Ask any food manufacturer or hospitality business about the labour market, post-Brexit and going into the pandemic, and virtually all of these big people users would have spoken to limited supply, low skill levels, shortages and the like. The pandemic compounded matters, limiting the supply of people, many becoming long-term ill, whilst other costs such as freight sky-rocketed. The MPC was oblivious to these processes. In fact, it was worse, they misunderstood them, the rather accident-prone Governor, Andrew Bailey, speaking to transitory processes., He could not have been more mistaken.
Now, the MPC and the BoE could not account for the terrible behaviour of Putin et al in Ukraine, albeit the British were amongst the most switched on to his heinous intentions. That invasion further pressurised food markets, however, and how, with soft commodity prices in CY22 skyrocketing. With high oil, freight and labour costs too, the food system faced a perfect storm, leading to UK ONS consumer prices rising to over 11 percent on October 2022, food prices peaking at nearly 20 percent. Returning to the regressiveness of inflation, alongside stratospheric home energy costs, living standards in the UK came under notable pressure.
Better late than never, the MPC woke up and how; a historic increase spree that took UK interest rates from 0.1 percent to 5.5 percent in less than two years, the horse already bolted but the door now closed. Interest rates take quarters, maybe even years, to take effect, and so the impact of the present cycle will not become clear until 2024/25 albeit for remortgages it will be sooner. The higher base rates are designed to cool the UK economy by making the cost of money more expensive, and the effects are starting to tell with UK ONS CPI now just under seven percent, expected by Shore Capital Markets to be c5 percent by December 2023 but still 3.0-4.0 percent by Christmas 2024.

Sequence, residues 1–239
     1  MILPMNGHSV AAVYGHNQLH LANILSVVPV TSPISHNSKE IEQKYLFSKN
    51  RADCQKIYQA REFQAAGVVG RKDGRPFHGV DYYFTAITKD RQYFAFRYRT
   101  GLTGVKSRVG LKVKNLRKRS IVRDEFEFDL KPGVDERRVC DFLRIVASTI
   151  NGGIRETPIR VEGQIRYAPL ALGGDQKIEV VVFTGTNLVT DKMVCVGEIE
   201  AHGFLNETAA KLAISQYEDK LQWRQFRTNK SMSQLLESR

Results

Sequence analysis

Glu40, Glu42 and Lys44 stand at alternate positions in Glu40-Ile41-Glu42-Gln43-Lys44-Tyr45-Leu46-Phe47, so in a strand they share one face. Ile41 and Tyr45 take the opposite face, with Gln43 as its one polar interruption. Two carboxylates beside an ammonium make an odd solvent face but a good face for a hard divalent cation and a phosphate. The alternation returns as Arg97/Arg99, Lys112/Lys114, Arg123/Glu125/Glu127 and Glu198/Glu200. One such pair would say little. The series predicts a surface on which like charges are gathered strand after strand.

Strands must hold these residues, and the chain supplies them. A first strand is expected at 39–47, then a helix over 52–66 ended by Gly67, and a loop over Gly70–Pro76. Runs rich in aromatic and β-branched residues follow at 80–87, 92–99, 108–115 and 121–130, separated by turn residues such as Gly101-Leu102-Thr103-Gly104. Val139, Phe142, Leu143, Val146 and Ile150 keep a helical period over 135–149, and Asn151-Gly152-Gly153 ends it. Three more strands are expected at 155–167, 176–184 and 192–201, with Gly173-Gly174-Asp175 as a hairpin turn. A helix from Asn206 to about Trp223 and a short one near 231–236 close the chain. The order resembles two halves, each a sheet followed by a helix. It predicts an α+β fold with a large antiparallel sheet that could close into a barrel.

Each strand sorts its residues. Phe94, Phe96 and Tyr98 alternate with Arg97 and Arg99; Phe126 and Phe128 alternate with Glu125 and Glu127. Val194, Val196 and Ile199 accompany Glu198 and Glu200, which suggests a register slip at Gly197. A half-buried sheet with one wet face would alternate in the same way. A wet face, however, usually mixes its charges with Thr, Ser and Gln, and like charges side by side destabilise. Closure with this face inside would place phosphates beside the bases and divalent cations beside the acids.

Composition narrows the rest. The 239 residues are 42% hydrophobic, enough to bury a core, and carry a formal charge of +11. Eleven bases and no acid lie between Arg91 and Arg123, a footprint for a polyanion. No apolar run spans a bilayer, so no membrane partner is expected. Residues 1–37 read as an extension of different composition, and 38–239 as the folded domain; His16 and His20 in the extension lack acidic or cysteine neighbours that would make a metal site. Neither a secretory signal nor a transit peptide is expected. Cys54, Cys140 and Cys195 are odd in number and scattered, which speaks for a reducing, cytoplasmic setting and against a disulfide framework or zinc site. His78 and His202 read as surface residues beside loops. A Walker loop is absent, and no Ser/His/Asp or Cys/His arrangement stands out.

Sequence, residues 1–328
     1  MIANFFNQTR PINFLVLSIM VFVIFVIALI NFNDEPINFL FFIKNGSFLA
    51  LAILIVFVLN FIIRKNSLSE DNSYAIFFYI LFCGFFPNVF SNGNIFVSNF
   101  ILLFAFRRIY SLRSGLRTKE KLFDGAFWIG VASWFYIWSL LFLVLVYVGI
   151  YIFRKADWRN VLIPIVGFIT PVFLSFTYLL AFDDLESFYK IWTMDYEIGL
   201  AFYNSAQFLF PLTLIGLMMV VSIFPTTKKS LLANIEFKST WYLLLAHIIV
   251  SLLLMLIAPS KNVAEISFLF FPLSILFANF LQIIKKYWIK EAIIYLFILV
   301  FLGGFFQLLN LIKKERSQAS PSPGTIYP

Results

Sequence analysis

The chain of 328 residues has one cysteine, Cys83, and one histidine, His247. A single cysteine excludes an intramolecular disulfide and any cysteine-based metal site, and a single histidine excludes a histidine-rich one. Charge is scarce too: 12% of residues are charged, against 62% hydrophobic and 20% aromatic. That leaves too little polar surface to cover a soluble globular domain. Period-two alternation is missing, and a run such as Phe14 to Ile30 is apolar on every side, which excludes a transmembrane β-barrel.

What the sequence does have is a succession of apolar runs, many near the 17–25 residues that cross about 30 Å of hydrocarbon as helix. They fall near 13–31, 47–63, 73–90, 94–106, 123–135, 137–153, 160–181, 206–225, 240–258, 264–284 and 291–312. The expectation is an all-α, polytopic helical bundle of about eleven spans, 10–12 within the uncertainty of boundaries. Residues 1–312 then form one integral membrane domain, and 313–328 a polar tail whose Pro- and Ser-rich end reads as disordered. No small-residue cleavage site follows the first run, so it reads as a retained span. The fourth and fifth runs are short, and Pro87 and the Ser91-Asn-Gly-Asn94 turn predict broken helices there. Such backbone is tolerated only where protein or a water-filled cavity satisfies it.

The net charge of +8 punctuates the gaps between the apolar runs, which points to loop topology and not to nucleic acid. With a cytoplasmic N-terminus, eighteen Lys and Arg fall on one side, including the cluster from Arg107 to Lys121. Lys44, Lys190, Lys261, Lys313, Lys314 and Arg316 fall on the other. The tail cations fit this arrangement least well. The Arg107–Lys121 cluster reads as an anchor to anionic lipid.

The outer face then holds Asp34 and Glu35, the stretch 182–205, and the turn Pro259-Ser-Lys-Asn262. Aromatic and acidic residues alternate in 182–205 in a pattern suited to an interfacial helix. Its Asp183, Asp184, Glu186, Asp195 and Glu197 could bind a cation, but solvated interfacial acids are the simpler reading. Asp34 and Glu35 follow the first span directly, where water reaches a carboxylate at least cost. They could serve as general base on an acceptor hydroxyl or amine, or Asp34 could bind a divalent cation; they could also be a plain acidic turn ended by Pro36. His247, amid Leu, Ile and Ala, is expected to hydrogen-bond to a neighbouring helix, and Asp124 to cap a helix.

I will return to the matter of inflation and interest rates in the future, suffice to say that inflation does not tend to arrive quickly or go away rapidly. Whilst not the sole cause of the troublesome price hike, that has been more of an ill for the food system than not, compressing volumes and encouraging down trading, the MPC has a lot to answer for and would do well to walk farms, food factories, supermarkets, and real hostelries to understand the realities of economic life, and so do a better job necessarily managing inflation for the food system and wider society in future.
About the author
Dr Clive Black is Vice Chairman of Shore Capital Markets. Clive joined Shore Capital in 2003. After a Ph.D at Queen’s University of Belfast he was Head of Food Policy at the NFU, a strategic planner for Lord Haskins at Northern Foods plc before joining Charterhouse Tilney where he was a No.1 rated consumer analyst, becoming Head of Pan-European retail research at ING. He has been highly ranked in Thomson Extel surveys for many years.